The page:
31 And of the sons of Harim; Eliezer, Ishijah, Malchiah, Shemaiah,
Shimeon, 32 Benjamin, Malluch, and Shemariah.
33 Of the sons of Hashum; Mattenai, Mattathah, Zabad, Eliphelet, Jeremai,
Manasseh, and Shimei. 34 Of the sons of Bani; Maadai, Amram,
and Uel, 35 Benaiah, Bedeiah, Chelluh, 36 Vaniah,
Meremoth, Eliashib, 37 Mattaniah, Mattenai, and Jaasau,
38 And Bani, and Binnui, Shimei, 39 And Shelemiah, and Nathan, and
Adaiah, 40 Machnadebai, Shashai, Sharai, 41 Azareel,
and Shelemiah, Shemariah, 42 Shallum, Amariah, and
Joseph. 43 Of the sons of Nebo; Jeiel, Mattithiah, Zabad, Zebina,
Jadau, and Joel, Benaiah. 44 All these had taken strange wives:
and some of them had wives by whom they had children.
The method of proceeding in this matter being concluded on, and the
congregation dismissed, that each in his respective place might gain and give
intelligence to facilitate the matter, we are here told, 1. Who were the
persons that undertook to manage the matter and bring the causes regularly
before the commissioners--Jonathan and Jahaziah, two active men,
whether of the priests or of the people does not appear; probably they were
the men that made that proposal (v. 13, 14) and were therefore the
fittest to see it pursued; two honest Levites were joined with them, and helped
them, v. 15. Dr. Lightfoot gives a contrary sense of this: only
(or nevertheless) Jonathan and Jahaziah stood against this matter
(which reading the original will very well bear), and these two Levites
helped them in opposing it, either the thing itself or this method of
proceeding. It was strange if a work of this kind was carried on and met with
no opposition. 2. Who were the commissioners that sat upon this matter. Ezra
was president, and with him certain chief men of the fathers who
were qualified with wisdom and zeal above others for this service, v.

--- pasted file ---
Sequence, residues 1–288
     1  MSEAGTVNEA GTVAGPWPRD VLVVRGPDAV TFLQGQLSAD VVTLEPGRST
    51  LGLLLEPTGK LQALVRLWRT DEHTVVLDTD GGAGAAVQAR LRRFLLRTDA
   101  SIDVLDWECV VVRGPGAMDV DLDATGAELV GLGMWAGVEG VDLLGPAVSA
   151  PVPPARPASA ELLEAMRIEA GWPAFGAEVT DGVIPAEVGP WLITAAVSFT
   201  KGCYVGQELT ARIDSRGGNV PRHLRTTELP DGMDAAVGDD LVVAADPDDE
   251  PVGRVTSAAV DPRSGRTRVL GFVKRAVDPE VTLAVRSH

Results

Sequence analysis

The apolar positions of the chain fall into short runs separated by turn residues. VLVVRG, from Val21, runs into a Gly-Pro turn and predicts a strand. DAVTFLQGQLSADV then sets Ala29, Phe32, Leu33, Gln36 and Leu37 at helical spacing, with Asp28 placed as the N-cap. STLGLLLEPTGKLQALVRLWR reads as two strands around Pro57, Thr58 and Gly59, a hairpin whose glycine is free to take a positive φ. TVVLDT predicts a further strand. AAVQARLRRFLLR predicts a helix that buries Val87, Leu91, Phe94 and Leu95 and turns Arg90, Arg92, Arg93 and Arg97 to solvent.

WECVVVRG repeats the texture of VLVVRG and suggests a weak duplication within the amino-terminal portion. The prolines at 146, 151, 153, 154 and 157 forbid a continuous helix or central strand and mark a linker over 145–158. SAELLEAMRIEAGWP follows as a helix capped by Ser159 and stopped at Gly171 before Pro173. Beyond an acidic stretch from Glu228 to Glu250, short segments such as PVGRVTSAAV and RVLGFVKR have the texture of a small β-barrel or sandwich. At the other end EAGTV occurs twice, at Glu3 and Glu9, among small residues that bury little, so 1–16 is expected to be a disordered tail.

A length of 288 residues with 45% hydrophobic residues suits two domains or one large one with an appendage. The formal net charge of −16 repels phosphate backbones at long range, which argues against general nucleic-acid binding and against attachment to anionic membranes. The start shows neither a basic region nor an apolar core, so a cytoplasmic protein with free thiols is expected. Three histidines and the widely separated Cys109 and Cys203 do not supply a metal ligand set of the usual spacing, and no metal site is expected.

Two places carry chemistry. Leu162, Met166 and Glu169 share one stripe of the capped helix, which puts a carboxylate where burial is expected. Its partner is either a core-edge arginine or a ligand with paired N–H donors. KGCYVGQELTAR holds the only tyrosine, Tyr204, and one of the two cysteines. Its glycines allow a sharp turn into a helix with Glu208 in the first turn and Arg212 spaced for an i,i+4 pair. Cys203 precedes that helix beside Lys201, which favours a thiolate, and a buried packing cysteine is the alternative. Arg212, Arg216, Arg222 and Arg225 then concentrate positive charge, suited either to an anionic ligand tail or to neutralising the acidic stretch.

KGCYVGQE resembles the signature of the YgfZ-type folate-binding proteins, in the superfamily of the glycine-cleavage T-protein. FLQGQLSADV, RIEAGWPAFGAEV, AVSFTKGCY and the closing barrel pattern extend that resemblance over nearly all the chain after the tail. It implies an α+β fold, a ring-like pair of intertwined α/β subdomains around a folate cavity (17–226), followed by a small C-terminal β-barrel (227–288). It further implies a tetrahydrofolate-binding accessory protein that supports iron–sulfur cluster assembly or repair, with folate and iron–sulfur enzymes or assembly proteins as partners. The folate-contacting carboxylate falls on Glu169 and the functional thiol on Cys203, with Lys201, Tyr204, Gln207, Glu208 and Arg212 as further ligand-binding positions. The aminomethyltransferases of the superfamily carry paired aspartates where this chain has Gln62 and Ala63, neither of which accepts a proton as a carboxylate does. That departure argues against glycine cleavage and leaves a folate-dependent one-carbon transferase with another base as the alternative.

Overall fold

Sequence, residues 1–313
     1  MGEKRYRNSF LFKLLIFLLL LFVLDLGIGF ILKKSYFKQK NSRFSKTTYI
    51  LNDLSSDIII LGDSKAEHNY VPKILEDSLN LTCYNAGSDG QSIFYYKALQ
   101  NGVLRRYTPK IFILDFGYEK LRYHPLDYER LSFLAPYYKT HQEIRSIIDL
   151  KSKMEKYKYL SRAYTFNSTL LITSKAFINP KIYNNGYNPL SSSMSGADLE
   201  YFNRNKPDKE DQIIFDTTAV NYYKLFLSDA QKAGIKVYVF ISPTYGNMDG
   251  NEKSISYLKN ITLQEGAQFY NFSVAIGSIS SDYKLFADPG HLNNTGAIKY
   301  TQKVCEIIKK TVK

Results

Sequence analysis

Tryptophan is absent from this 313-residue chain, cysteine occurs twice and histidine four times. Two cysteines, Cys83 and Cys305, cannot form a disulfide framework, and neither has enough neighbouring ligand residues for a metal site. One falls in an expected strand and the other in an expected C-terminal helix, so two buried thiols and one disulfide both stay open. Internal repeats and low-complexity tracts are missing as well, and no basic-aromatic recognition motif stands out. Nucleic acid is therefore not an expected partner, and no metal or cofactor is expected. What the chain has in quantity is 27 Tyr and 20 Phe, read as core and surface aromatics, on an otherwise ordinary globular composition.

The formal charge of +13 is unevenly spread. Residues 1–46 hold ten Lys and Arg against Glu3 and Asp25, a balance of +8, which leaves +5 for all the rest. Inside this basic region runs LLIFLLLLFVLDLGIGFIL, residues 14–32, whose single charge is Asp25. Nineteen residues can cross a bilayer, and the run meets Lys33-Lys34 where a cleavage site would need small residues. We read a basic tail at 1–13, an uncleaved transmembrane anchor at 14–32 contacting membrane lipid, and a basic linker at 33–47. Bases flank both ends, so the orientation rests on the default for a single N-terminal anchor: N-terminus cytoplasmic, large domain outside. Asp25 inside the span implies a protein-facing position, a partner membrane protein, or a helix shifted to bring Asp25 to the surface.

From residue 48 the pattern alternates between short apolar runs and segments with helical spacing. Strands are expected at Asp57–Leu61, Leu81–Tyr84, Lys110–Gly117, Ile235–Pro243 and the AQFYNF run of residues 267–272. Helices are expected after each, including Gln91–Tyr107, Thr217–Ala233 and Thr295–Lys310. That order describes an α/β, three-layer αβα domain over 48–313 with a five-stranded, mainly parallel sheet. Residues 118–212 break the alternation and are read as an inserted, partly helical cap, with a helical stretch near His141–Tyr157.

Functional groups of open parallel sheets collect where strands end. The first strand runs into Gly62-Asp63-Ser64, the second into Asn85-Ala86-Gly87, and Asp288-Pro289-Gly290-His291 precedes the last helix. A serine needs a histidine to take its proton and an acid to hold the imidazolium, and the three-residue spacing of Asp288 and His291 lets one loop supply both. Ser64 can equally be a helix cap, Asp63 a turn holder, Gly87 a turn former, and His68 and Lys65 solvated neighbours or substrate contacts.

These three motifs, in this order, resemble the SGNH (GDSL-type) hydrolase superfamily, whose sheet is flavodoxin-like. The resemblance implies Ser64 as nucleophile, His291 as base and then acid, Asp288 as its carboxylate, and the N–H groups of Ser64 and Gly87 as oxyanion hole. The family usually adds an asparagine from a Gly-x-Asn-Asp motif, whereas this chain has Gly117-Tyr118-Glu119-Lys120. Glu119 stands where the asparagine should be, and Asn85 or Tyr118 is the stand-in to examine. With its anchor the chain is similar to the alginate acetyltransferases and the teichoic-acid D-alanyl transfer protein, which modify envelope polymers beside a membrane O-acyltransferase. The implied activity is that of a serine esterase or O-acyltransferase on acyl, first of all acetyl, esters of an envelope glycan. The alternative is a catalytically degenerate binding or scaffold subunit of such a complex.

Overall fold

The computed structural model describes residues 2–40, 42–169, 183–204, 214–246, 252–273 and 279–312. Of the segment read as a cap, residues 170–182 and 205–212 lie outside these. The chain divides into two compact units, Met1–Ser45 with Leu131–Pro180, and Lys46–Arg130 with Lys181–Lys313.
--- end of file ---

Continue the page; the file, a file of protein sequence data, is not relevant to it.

16. It was happy for them that they had such a man as Ezra to head them; they
could not have done it well without his direction, yet he would not do it
without their concurrence. 3. How long they were about it. They began the
first day of the tenth month to examine the matter (v. 16), which
was but ten days after this method was proposed (v. 9), and they
finished in three months, v. 17. They sat closely and minded their
business, otherwise they could not have despatched so many causes as they had
before them in so little time; for we may suppose that all who were impeached
were fairly asked what cause they could show why they should not be parted,
and, if we may judge by other cases, provided the wife were proselyted to the
Jewish religion she was not to be put away, the trial of which would require
great care. 4. Who the persons were that were found guilty of this crime.
Their names are here recorded to their perpetual reproach; many of the
priests, nay, of the family of Jeshua, the high priest, were found guilty (v.
18), though the law had particularly provided, for the preserving of their
honour in their marriages, that being holy themselves they should not marry
such as were profane, Lev. xxi. 7. Those that should have taught others the
law broke it themselves and by their example emboldened others to do likewise.
But, having lost their innocency in this matter, they did well to recant and
give an example of repentance; for they promised under their hand to
put away their strange wives (some think that they made oath to do so with
their hands lifted up), and they took the appointed way of obtaining
pardon, bringing the ram which was appointed by the law for a trespass
offering (Lev. vi. 6), so owning their guilt and the desert of it, and
humbly suing for forgiveness. About 113 in all are here named who had married
strange wives, and some of them, it is said (v. 44), had children by
them, which implies that not many of them had, God not crowning those
marriages with the blessing of increase. Whether the children were turned off
with the mothers, as Shechaniah proposed, does not appear; it should seem not:
however it is probable that the wives which were put away were well provided
for, according to their rank. One would think this grievance was now
thoroughly redressed, yet we meet with it again (Neh. xiii. 23 and Mal. ii.
11), for such corruptions are easily and insensibly brought in, but not
without great difficulty purged out again. The best reformers can but do their
endeavour, but, when the Redeemer himself shall come to Sion, he shall
effectually turn away ungodliness from Jacob.